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Rookies important contributors in NHL playoffs
Question of the Day
CHICAGO (AP) - A year ago, Brandon Saad was just a footnote when he made his postseason debut for Chicago against the Phoenix Coyotes. He skated for just over 10 minutes in two games and picked up his first career NHL point on an assist, but the Blackhawks were eliminated in the first round.
This season, the 20-year-old Pittsburgh native is skating on the same line as Jonathan Toews and Marian Hossa. He is one of several rookies playing an important role for contending teams in the playoffs.
"It's definitely more intense," Saad said. "Guys working harder, faster pace."
Saad played 21 minutes and had two shots in the Blackhawks' 2-1 overtime win over Minnesota in Game 1 of their best-of-seven series on Tuesday. It was the first career playoff game for Wild rookies Charlie Coyle, Jason Zucker and Jonas Brodin, who will be back on the ice when the series resumes Friday night at the United Center.
"It's a little bit different," Brodin said. "It's a step higher with everything. More intensity and stuff. So it's fun to play in. We were waiting for this, all the year. It's a really fun time right now."
The playoffs are full of important rookies this year.
Forwards Brendan Gallagher (15 goals, 13 assists) and Alex Galchenyuk (nine goals, 18 assists) helped Montreal grab the Northeast Division title and No. 2 seed in the Eastern Conference. Kings defenseman Jake Muzzin, who took on a more prominent role when the defending champions were hit with a slew of injuries, had 16 points in the regular season, then picked up an assist in Los Angeles' 2-1 overtime loss at St. Louis in Game 1 of their series.
Pittsburgh forward Beau Bennett scored a power-play goal just 25 seconds into his first playoff shift on Wednesday night, converting a nifty wrist shot to give the Penguins a 1-0 lead over the New York Islanders. The 21-year-old rookie got the start on the fourth line over veteran Tyler Kennedy.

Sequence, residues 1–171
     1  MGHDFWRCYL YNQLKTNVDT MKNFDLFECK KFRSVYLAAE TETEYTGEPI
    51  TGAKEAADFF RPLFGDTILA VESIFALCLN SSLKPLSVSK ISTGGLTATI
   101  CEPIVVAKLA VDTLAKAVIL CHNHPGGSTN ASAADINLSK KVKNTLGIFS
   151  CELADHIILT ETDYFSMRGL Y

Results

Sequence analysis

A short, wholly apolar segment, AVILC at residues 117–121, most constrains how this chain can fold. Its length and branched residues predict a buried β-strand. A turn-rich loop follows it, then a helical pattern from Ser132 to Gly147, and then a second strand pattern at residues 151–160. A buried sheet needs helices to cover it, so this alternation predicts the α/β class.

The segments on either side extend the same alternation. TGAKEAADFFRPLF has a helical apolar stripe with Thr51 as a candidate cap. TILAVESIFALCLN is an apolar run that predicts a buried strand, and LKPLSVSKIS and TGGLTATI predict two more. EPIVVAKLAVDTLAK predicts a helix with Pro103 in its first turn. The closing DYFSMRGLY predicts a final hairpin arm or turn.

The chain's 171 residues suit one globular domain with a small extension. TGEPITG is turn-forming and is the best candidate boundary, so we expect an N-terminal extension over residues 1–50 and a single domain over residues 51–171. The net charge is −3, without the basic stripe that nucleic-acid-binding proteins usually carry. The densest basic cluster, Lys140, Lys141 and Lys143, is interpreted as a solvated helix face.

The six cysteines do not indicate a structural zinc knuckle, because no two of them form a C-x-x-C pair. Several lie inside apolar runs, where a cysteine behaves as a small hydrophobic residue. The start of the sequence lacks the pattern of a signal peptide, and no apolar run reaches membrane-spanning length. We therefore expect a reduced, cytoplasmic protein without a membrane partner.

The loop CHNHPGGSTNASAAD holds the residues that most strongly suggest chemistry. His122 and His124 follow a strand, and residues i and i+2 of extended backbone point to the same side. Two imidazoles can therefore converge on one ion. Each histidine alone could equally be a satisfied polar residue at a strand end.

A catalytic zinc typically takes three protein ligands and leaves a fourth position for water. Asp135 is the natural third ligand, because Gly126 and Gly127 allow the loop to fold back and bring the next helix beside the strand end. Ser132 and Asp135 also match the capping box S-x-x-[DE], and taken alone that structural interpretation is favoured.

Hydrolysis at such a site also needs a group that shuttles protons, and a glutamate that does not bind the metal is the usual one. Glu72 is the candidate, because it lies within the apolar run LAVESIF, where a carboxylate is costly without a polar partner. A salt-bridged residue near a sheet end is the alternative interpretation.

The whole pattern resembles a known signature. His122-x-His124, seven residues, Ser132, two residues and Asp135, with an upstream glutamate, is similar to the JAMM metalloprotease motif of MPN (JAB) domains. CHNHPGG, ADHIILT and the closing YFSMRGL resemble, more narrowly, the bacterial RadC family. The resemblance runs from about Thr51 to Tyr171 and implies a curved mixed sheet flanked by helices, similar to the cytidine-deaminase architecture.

"The skill he adds to our lineup in that role starting with today, which was the fourth-line role, was not only evident in a great goal on the back end of that power play, but 5 on 5 as well in some of the shifts he had in the offensive zone," Penguins coach Dan Bylsma said. "That's something he added, especially the last stint he got called back up, he's proven he can do that and certainly did that again."
Bennett became the first rookie to score the first goal for the Penguins in the playoffs since Jordan Staal against Ottawa in Game 1 of the Eastern Conference quarterfinals on April 11, 2007. He also joined an impressive list of Penguins who scored in their postseason debut, including Sidney Crosby.
"We have a lot of depth on this team so we've all got to be ready when we're called upon," Bennett said. "Luckily I got the call. I tried to take full advantage of it."
Saad made his NHL debut on Oct. 7, 2011, at Dallas, but spent most of the season with Saginaw in the Ontario Hockey League. He came into his own this year, when he had 10 goals and 17 assists in 46 games. He also led all NHL rookies with a plus-17 rating.
Playing with veteran stars Toews and Hossa has helped with the development of the second-round selection from the 2011 entry draft.
"It's helped out tremendously," Saad said. "I mean being able to play on this team with how good we've been playing and especially with those guys on the same line, it's been huge for my confidence and for my learning ability. I couldn't really ask for anything more."
Coyle, who was acquired in the 2011 trade that sent All-Star defenseman Brent Burns to San Jose, plays on Minnesota's first line with Zach Parise and Mikko Koivu. The 6-foot-2 right wing had eight goals and six assists in 37 games this season.
"You have many dreams growing up, and playing for the Cup is my biggest one," said Coyle, a first-round pick by San Jose in the 2010 draft. "So it's pretty special to be here and be with this group of guys. It's a good group of guys, so it's exciting."
Brodin and fellow defenseman Ryan Suter stepped up after goalie Niklas Backstrom was scratched from Game 1 with a leg injury. Brodin played 34 minutes in his first playoff game and Suter was on the ice for 41 minutes, providing valuable support for backup goalie Josh Harding.
Zucker, who played six games for Minnesota last season, had a shot go off the crossbar in overtime in the playoff opener.
"I thought that all our young kids played a very good game," Minnesota coach Mike Yeo said. "They were able to play their game and go out and execute."
AP Sports Writers Will Graves in Pittsburgh and Dave Campbell in St. Paul, Minn., contributed to this report.
Jay Cohen can be reached at http://www.twitter.com/jcohenap
By Tom Harris and Madhav Khandekar
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